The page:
NASA’s latest rover, set to land on Mars this week, was built in L.A.’s backyard

Local news
This is an archived article and the information in the article may be outdated. Please look at the time stamp on the story to see when it was last updated.

NASA’s Perseverance rover, set to land on Mars on Thursday and look for signs of ancient life on the red planet, was designed, built and managed in Los Angeles’ backyard: Jet Propulsion Laboratory near Pasadena.

The Mars 2020 team is made up of scientists and engineers from all over the world. Experts in multiple disciplines came together to bring the latest rover to life and complete an important mission in the future of space exploration.

The 293 million-mile journey to Mars was preceded by a February 2020 trip from the JPL campus on the edge of the San Gabriel Mountains to Cape Canaveral in Florida, where Perseverance launched in July.

Perseverance’s space voyage will conclude when the rover blazes through Mars’ atmosphere at about 12,100 mph. The final descent should take about seven minutes, with the rover expected to touch down around 12:55 p.m. PT Thursday.

Here’s what you need to know ahead of the historic landing.

Was Mars ever alive? Perseverance’s goals

The latest mission to Mars has five goals that the rover is designed to achieve.

The Perseverance will work to determine whether life ever existed on Mars by focusing on the Jezero Crater, which has signs of an ancient lake and delta where scientists believe microorganisms could have existed and been preserved.

The rover will also characterize the climate and geology of Mars, and collect samples for a future mission to bring back to Earth.

Finally, the rover will test technologies for future missions on the red planet, be they robotic or human.

How is this mission different?

NASA has seen a total of eight successful landings on Mars, including five rovers.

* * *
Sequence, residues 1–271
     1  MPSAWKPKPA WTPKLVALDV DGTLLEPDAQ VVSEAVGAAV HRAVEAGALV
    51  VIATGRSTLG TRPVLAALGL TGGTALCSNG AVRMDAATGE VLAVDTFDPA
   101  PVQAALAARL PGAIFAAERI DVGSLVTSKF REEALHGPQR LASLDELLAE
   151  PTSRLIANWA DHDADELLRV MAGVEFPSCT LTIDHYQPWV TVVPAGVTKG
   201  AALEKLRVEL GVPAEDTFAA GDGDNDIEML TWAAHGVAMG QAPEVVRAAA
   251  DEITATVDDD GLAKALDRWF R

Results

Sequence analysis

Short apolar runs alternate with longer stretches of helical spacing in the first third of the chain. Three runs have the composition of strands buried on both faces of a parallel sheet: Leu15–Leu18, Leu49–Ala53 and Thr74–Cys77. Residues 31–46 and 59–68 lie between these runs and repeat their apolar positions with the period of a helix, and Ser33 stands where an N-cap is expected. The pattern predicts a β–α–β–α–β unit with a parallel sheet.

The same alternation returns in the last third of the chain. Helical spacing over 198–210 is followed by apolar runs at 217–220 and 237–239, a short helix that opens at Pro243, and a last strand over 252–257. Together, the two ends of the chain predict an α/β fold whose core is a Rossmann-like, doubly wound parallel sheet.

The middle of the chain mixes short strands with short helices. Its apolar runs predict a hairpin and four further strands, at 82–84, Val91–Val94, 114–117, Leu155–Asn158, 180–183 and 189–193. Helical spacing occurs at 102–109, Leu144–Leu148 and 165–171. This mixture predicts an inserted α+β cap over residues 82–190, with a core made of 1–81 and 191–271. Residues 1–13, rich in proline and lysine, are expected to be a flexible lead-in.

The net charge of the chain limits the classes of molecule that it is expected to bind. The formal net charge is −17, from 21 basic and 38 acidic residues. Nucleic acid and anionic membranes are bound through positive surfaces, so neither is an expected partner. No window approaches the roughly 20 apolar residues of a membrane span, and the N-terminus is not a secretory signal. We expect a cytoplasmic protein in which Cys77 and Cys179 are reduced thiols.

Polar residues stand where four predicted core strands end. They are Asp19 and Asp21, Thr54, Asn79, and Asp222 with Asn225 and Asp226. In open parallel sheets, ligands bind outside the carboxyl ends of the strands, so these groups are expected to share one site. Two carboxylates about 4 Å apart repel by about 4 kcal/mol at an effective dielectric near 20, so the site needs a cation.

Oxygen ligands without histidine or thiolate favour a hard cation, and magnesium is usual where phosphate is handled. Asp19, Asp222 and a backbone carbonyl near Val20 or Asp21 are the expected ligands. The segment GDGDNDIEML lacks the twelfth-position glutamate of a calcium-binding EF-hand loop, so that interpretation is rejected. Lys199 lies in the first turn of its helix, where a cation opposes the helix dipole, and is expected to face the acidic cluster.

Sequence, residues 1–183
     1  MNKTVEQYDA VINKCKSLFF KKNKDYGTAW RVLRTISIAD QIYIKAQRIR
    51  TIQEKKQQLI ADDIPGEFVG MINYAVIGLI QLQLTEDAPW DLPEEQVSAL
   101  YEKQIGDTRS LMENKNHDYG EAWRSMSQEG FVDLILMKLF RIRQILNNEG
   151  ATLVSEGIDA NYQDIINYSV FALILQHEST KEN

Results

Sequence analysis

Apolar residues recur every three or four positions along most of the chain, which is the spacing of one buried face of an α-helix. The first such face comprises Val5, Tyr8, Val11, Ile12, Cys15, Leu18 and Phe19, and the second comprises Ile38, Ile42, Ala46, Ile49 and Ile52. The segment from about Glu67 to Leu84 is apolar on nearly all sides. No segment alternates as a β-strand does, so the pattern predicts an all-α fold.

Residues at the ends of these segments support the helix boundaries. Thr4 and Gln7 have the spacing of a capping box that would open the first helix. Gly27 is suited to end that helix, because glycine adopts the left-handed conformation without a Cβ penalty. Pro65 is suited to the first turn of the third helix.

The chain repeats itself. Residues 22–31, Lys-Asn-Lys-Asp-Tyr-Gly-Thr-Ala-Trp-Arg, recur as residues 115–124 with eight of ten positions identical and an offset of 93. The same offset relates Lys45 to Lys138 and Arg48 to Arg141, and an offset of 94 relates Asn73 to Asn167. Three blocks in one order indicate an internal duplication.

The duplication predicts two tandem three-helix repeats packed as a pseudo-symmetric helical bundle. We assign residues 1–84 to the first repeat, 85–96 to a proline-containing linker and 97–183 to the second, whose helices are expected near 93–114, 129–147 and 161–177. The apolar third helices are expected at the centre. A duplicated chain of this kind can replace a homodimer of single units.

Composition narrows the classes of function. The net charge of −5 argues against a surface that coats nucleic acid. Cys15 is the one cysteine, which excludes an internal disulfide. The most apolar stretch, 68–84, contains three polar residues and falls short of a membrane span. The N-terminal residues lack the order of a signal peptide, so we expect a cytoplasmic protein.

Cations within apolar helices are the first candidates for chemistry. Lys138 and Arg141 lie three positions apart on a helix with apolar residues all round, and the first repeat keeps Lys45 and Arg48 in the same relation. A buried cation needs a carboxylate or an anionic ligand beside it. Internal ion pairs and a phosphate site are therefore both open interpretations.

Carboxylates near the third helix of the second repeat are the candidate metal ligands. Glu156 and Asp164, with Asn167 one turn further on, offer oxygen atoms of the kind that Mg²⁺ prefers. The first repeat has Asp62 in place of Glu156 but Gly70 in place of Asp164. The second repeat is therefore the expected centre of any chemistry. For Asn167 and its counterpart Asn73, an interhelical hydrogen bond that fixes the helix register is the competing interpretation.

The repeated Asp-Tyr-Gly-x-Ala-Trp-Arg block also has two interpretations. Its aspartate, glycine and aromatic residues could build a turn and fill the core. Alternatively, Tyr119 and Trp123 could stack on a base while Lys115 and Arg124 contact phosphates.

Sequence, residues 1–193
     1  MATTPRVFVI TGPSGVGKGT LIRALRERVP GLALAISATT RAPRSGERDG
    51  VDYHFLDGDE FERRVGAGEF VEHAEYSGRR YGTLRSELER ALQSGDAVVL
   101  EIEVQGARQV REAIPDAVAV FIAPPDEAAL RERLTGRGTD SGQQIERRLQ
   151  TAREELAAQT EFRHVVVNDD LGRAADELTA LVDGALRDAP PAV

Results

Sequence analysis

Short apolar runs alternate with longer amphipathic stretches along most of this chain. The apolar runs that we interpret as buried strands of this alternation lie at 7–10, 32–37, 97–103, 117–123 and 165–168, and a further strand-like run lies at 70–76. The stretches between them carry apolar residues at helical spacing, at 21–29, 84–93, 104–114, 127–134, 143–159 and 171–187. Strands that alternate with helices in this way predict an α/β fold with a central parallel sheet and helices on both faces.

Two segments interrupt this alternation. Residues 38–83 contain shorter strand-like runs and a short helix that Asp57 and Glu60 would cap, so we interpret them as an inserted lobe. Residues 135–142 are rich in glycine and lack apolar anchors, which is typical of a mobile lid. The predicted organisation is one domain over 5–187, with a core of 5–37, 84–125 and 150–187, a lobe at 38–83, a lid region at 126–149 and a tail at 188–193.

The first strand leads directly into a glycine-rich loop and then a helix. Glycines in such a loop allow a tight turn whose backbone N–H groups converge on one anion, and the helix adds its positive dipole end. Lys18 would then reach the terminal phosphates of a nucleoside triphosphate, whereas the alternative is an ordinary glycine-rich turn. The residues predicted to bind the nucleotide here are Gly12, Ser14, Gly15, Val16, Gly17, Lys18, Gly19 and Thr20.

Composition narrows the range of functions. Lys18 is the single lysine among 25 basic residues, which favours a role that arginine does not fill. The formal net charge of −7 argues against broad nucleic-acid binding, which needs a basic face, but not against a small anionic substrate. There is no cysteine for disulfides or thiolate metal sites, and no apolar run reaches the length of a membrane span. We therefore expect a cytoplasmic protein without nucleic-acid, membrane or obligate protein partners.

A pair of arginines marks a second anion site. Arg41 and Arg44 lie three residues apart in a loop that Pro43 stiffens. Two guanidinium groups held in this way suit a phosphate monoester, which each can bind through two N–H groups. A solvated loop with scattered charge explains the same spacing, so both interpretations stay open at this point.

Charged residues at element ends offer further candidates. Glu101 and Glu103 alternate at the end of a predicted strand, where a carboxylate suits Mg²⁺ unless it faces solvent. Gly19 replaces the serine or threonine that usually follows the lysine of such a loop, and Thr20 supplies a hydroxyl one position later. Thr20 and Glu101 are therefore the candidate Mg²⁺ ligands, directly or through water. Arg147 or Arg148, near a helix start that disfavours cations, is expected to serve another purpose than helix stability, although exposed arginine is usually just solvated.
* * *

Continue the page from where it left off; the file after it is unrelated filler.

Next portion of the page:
Dating back to 1975’s Viking 1 and 2, to 2018’s InSight, each mission discovered new aspects of Mars — from the existence of water and weather patterns, to evidence of past habitable environments.

Now, the Perseverance rover will focus on signs of past microbial life. It is equipped with seven primary instruments including specialty cameras that will record images of Mars and help collect samples.

And for the first time, a helicopter, Ingenuity, will hitch a ride on the Perseverance to determine future flights over the the red planet’s rugged terrain and thin air. And, in another first, microphones will allow us to hear the sounds of Mars and the rover itself.

The Perseverance Mars rover's unique design is shown in a photo on the NASA website.
The Perseverance Mars rover’s unique design is shown in a photo on the NASA website.

Each unique part was designed by a different team member. The rover has a variety of imaging technologies, including subsurface radar and an X-ray spectrometer, and can even produce oxygen from martian carbon dioxide.

Perseverance is car-sized and based on the Curiosity rover’s configuration: it is about 10 feet long, 9 feet wide and 7 feet tall.

Why the Jezero Crater

The Perseverance rover launched from Cape Canaveral Air Force Station in Florida on July 30, 2020, and will be exploring the Jezero Crater when it lands on Thursday. (You can follow along where the rover is here.)